How Many Times Should You View a Property? 

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By In The Playroom

Buying a property is a big commitment at a huge expense and therefore not something that should be rushed into. There are some brave, foolhardy individuals who will make an offer on a house they haven’t seen and, of course, investors don’t always see in person the property they’re buying for renovation or rental. 

On average though, potential purchasers view a property around 2 to 4 times before deciding whether to make an offer or not. 

Is four times too many times though? Is once not enough? How many times should you view a property? 

Why you should view a property more than once

If you see a property online or at your local west London estate agents that looks perfect for you and when you see it in person you love it even more, you might be tempted to make an offer on the spot before anyone else gets in there first. 

This isn’t a great idea though. At the first viewing, there’s a good chance you’ll only notice the superficial stuff. Stuff such as the size, layout and the fabulous cushions the current owners have on their sofa. 

When you get back to your current home buzzing at the thought of moving into the one you’ve just seen, you’ll probably realise you didn’t take much notice of the important stuff. Stuff such as were there any large cracks or peeling wallpaper on the ceiling. In fact, did it even have a ceiling? 

If you can’t remember much about the property other than the feeling that you loved it, you’ll need to go back for another look. 

It’s also a good idea to take someone with you to get a second opinion. This person should be someone you trust to tell you the truth and point out the bad bits, not just agree with you about the fabulous cushions.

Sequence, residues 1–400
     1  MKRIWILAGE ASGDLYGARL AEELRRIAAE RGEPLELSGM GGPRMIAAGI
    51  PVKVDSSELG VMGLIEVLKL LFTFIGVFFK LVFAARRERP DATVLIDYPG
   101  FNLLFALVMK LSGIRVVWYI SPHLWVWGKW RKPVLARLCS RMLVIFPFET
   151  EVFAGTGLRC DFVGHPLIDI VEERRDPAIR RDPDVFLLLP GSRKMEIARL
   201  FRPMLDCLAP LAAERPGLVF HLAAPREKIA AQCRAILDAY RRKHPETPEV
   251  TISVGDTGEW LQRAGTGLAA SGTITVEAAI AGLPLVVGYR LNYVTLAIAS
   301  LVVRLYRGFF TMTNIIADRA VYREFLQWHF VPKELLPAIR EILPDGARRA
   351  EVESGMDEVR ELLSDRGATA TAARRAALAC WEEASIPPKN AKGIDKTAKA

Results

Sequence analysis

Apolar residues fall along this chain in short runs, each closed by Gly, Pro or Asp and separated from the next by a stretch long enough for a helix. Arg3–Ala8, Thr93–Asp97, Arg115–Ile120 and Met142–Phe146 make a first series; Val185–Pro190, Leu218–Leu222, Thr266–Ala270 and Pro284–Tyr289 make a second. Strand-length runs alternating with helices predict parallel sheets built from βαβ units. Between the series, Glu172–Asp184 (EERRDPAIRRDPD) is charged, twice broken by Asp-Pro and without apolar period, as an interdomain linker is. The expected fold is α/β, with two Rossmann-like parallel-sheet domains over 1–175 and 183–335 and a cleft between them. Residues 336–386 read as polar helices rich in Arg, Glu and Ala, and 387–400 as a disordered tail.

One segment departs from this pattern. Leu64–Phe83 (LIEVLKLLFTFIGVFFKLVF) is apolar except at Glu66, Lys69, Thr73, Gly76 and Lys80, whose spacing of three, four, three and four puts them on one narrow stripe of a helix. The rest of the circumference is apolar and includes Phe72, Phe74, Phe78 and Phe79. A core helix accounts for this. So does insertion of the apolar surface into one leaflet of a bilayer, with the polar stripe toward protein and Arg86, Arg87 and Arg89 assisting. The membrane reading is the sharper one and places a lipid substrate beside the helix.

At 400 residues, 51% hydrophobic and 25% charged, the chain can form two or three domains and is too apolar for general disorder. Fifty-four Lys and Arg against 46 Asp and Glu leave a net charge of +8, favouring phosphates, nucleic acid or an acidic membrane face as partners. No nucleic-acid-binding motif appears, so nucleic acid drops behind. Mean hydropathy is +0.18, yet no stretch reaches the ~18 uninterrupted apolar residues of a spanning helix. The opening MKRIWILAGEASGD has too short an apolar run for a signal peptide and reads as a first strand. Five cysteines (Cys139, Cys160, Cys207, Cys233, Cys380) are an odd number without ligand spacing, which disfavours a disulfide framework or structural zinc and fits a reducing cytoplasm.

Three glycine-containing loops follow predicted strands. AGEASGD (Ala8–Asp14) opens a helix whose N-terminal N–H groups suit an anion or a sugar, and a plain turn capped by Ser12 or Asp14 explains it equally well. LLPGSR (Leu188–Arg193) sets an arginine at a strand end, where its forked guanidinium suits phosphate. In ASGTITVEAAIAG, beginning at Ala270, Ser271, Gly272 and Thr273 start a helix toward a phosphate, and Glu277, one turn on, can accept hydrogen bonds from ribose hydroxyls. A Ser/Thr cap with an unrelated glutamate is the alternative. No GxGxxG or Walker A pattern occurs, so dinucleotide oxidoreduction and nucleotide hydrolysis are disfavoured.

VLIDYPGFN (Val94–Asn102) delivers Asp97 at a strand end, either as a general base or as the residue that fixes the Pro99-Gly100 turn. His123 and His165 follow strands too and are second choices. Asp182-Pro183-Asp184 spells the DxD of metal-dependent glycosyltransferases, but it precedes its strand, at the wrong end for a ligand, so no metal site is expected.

When should you view a property?

If you view a property only once, you’ll only be seeing it at one time of day. And as there is no perfect time of day to view a property, this means you’ll have to view it more than once. 

If you drive your car to work every morning, you’ll need to check the property in the morning to see if you can get your car out of the drive at the time of the school run/rush hour, or will there be a queue of cars outside the house blocking you from getting out? 

If you work from home, it’ll be a good idea to view the property in the daytime to get an idea of any noise outside from traffic, local schools or neighbours who leave their dogs outside all day to bark away. 

Can you view a property too many times?

Although buying a new home is a big consideration and you need to be sure before making an offer, you do need to make a decision in a timely manner and not keep going back for another look every other day. 

Not making an offer in a reasonable time can mean someone else can get in there first, especially in a fast-moving market. In the current market, sellers won’t be waiting ages to receive offers on their property – properties are getting snapped up, sometimes even before they’re on the market. 

No one’s denying buying a house is nerve-wracking and there’s always the question of are you doing the right thing in the back of your mind. But no one likes a ditherer and if you keep going back to view the property, the vendor may well think you’re a timewaster. 

So, taking the above into consideration, certainly view a property more than once but don’t keep going back so many times the vendor sells to someone else while you make your mind up. 

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Anna Marikar, mum of four and seasoned blogger, has spent over a decade sharing her parenting journey and passion for kid-friendly crafts and free printables.
Her easy-to-follow craft ideas and practical parenting advice have transformed In The Playroom into a cherished resource for parents.

1 thought on “How Many Times Should You View a Property? ”

  1. When viewing a property, pay attention to the plumbing system. Make sure that the plumbing system is properly installed and operating effectively before buying a house. You can even hire an inspector that will examine the water supply and drainage systems, hot water heating equipment, and fuel storage systems to make sure they are all in working order.


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